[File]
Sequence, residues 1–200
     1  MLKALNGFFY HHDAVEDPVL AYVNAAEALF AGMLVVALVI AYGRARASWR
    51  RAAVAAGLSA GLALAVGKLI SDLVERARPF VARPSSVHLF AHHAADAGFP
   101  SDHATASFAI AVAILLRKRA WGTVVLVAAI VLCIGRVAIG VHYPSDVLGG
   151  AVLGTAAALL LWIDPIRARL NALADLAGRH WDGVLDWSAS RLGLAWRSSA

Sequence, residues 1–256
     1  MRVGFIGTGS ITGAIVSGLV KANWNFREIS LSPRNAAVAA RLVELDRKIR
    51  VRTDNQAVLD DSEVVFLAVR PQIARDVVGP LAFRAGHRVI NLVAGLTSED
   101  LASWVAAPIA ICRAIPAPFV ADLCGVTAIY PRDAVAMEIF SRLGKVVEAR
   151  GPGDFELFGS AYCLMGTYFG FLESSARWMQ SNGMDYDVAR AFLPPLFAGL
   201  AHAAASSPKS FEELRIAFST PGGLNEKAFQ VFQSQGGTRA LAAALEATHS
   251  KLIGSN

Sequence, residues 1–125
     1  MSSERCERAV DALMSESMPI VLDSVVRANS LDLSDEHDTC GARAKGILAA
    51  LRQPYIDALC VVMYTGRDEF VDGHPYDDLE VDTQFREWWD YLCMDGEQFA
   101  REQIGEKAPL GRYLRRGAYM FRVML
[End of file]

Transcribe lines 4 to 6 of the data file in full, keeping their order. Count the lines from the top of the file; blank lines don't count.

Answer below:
   101  SDHATASFAI AVAILLRKRA WGTVVLVAAI VLCIGRVAIG VHYPSDVLGG
   151  AVLGTAAALL LWIDPIRARL NALADLAGRH WDGVLDWSAS RLGLAWRSSA

Sequence, residues 1–256